Clapping on Shabbat

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Dear Rabbi Simon,
I have learned that there are restrictions on the use of musical instruments on Shabbat, such as guitar, flute, organ, drum, etc.  Recently, a friend told me that this extends to dancing, clapping one’s hands and even tapping on a table to the beat of a song.  Yet I know I have seen knowledgeable people doing these things.  Can you please clarify this? (It would be music to my ears.)

Dear Michaela,
Thank you for your question.  The Talmud forbids playing musical instruments on Shabbat out of concern that the musician may inadvertently repair or adjust the instrument in a way which involves a melakhah.  Based on this, the Shulkhan ‘Arukh (OH 339:3) also forbids dancing, clapping, and striking the table (for example) to the beat of the music.  However, R Moshe Isserles (Rema, ibid., based on Tosafot) justifies the common practice to do all of these things on Shabbat, since we are generally not expert in repairing musical instruments, and there is no longer any reason to imagine that dancing/clapping, etc. may lead to the inadvertent performance of a melakhah.
The later authorities debate whether Rema actually intends to permit these activities outright, or only to propose a justification/mitigation for those who are lenient.
In practice, while many are stringent, there are those who follow Rema, Arukh ha-Shulhan, and others that all these activities are allowed.  Rav Moshe Feinstein (OH 2:100), for example, justifies dancing in a circle on Shabbat, on the basis that it is not much more than synchronised walking.  Other lenient considerations are for purposes of a mitzvah, tefillah, honour of the Torah, etc.  During bein ha-shemashot (twilight) there are also grounds to be more lenient.  (This may be relevant to Kabbalat Shabbat and Seudah Shelishit.)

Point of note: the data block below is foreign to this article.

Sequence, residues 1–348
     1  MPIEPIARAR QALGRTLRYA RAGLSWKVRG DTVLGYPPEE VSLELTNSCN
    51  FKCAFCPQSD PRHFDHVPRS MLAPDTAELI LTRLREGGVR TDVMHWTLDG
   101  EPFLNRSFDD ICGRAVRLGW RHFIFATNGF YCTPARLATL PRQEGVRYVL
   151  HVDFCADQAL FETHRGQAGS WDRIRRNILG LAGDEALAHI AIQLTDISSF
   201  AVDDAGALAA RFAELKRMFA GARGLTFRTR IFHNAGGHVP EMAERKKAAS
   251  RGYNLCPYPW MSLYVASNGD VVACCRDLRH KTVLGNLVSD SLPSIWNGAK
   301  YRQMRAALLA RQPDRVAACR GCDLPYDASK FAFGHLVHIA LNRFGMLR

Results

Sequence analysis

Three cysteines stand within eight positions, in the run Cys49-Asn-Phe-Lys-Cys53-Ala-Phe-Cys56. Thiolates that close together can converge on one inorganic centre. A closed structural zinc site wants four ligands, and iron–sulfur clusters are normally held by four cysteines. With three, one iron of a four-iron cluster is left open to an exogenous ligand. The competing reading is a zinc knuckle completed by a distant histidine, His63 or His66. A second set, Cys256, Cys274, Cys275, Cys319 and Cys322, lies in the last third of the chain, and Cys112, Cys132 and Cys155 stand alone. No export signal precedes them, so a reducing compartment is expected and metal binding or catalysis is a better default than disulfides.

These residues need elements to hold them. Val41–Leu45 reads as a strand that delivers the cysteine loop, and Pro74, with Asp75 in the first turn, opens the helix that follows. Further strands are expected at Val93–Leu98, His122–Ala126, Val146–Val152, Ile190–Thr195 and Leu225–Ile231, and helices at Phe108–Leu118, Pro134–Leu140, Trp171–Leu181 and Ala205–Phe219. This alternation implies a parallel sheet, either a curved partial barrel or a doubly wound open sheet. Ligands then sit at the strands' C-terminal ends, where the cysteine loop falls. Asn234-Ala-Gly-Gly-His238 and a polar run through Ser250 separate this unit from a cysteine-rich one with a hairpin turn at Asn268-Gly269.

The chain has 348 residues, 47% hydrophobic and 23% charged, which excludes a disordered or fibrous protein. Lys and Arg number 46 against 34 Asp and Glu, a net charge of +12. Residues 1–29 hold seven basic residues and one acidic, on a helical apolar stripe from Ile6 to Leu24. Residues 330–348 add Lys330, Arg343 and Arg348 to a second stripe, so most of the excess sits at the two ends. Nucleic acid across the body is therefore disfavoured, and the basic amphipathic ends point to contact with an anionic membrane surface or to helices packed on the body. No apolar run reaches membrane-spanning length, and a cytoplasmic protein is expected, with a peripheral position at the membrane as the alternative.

Clapping for other reasons (ie, not for music) or knocking on a door (with one’s hands), but not in a rhythmic way, is definitely allowed.
Bottom line: There are certainly grounds on which to be stringent WRT clapping and tapping to music, but those who are lenient, particularly for spiritual/mitzvah purposes, have a halakhic basis upon which to rely.
I hope this is helpful.
Thank you again for prompting me to investigate this topic.
Rabbi Rashi Simon

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Ask the Rabbi: Quinoa on Pesach
Dear Rabbi Simon,
Where do you stand on quinoa (and the kitniyot ban) for Pesach?
Many thanks,
Dear Tzippy,
In line with other American authorities, I am in favour of quinoa. Although I reject completely the voices (mostly from Israel) seeking to abolish the ban on kitniyot entirely, IMO we do not need to include in the prohibition pseudo-grains that were unknown in the Old World until modern times. Best to buy with a Pesach hechsher though, to be free of any possible wheat contamination.
Rabbi Rashi Simon
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